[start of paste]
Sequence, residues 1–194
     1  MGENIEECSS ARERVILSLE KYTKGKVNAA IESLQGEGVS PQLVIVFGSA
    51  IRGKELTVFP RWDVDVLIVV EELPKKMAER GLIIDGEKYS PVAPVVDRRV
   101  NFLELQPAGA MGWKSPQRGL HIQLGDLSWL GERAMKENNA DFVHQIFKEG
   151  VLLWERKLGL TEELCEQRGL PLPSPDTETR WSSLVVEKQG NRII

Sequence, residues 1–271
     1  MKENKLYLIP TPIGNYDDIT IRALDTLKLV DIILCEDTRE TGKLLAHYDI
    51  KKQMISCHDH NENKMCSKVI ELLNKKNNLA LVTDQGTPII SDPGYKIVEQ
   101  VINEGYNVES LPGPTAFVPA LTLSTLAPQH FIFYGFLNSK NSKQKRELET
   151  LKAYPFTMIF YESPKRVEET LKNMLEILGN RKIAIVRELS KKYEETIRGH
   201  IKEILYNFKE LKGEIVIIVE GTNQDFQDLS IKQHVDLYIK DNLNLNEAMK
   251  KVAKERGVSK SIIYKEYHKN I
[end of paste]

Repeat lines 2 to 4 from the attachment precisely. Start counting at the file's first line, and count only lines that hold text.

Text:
     1  MGENIEECSS ARERVILSLE KYTKGKVNAA IESLQGEGVS PQLVIVFGSA
    51  IRGKELTVFP RWDVDVLIVV EELPKKMAER GLIIDGEKYS PVAPVVDRRV
   101  NFLELQPAGA MGWKSPQRGL HIQLGDLSWL GERAMKENNA DFVHQIFKEG